Not-so-level playing field
A longtime player agent, unquestionably desirous of players taking as big a percentage of the financial pie as possible, nonetheless echoed Kishner.
“A work stoppage does not work to the benefit of the players, it works to the benefit of the deeper pockets that can sustain the amount of time away, and that’s where the players are, unfortunately,” the agent said.
The agent later referenced the skyrocketing value of all sports franchises, baseball included.
“A team’s going to be worth a billion dollars after a work stoppage if it's worth a billion dollars before a work stoppage,” he said.
“I hate to say this, it isn't a fair playing field,” he continued. “Major League Baseball's owned by the owners, the commissioner's office represents the owners. So if you can keep the best interest of the game at heart and understand there’s a global reward for the industry doing well, that's kind of the position that the labor party should always keep in mind. If the industry does well, there's things that we can do to make it difficult on the owners [later].”
Neither the players nor the owners currently are reaping any rewards, but the players are receiving the brunt of the criticism from fans. That's generally been the case throughout baseball history whenever dollars enter the public discourse.
And it would be players taking it mostly on the chin again if there’s no season because of wrangling over cash.
“It was different from a fans’ standpoint, there was no doubt about that. It was cold,” YES Network’s John Flaherty said he “vividly” recalled of spring training 1995.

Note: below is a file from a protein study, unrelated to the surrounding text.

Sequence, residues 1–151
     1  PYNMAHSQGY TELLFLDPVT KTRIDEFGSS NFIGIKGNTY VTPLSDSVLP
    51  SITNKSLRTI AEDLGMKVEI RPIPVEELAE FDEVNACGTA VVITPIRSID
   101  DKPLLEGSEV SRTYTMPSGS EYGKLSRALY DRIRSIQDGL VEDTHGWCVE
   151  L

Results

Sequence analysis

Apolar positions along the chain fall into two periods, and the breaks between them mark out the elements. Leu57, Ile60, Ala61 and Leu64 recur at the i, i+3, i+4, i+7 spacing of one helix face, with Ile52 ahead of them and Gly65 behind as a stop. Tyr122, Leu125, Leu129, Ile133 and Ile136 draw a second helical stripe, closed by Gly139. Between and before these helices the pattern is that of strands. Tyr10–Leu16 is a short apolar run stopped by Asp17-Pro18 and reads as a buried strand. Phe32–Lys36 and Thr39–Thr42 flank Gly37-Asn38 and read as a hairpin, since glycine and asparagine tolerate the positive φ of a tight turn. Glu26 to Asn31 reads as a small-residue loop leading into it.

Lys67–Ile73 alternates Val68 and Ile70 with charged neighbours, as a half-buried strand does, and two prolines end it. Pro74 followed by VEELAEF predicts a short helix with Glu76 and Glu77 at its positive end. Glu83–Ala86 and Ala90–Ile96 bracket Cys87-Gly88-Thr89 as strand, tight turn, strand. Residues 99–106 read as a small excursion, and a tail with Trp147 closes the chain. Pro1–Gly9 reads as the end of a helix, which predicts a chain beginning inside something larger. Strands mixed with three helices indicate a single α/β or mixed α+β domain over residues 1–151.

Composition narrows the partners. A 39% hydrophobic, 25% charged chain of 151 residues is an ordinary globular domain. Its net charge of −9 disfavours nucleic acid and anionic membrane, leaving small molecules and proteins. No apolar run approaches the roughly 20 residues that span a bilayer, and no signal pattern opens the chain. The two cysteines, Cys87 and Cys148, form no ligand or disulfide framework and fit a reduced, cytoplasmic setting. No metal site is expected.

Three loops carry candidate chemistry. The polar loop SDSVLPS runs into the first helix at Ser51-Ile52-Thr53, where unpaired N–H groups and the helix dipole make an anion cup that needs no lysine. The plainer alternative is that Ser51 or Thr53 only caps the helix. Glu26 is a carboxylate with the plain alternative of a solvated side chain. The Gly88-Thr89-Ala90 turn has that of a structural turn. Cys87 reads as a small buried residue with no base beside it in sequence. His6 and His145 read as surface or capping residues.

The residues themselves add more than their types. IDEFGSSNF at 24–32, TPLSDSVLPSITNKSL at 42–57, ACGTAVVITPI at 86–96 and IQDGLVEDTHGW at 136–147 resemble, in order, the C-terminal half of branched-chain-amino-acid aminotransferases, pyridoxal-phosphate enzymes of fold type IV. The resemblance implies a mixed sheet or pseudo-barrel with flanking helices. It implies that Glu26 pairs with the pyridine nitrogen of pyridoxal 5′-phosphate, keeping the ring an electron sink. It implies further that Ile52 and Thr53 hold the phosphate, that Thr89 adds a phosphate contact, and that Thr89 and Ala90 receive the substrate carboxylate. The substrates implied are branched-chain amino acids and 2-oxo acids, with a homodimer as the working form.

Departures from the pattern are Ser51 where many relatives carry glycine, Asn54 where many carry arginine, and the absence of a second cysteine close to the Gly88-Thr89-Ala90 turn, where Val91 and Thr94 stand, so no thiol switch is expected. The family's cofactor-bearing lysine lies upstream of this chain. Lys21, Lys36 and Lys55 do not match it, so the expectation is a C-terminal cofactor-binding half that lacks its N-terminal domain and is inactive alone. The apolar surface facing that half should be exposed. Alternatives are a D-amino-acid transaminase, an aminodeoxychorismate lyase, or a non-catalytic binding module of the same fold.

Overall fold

Flaherty, a 27-year-old member of the Detroit Tigers at the time and about to enjoy his first full big-league season in an eventual 14-year career, said, “It wasn’t the love affair that we had before. There was a little bit of resentment. The fans were hurt, and rightfully so, after missing out on a postseason and a World Series.”
While saying “I think both sides feel a responsibility” to get a deal done, Flaherty said not to undersell the perspective expressed by players — some off the record and some on the record — regarding reservations about coming back in the midst of a yet-to-be-controlled pandemic.
“The one thing about ‘94 and ‘95 is players were just waiting for a phone call saying, ‘OK, we're back. Let's go,’ ” Flaherty said. “There wasn't any thought of, should I be doing this, is it safe to do this? This is a situation where they might get a phone call that says, ‘Hey, we're ready to go.’ And now you have to look at your family and say, ‘Is this something that we or I should be doing?’ So that's a whole 'nother layer to it.”
All polled believe to varying degrees that there will be an agreement, but Eckert, having extensively researched the events of 1994-95, threw in a cautionary note.
“I think ultimately if I was a betting man, I'd say they find a way to make something happen,” he said. “But I wouldn't say it's a sure bet, as much as your logic dictates that should be.”
It took baseball 12 years to reach the average attendance figure of the 1994 strike-shortened season: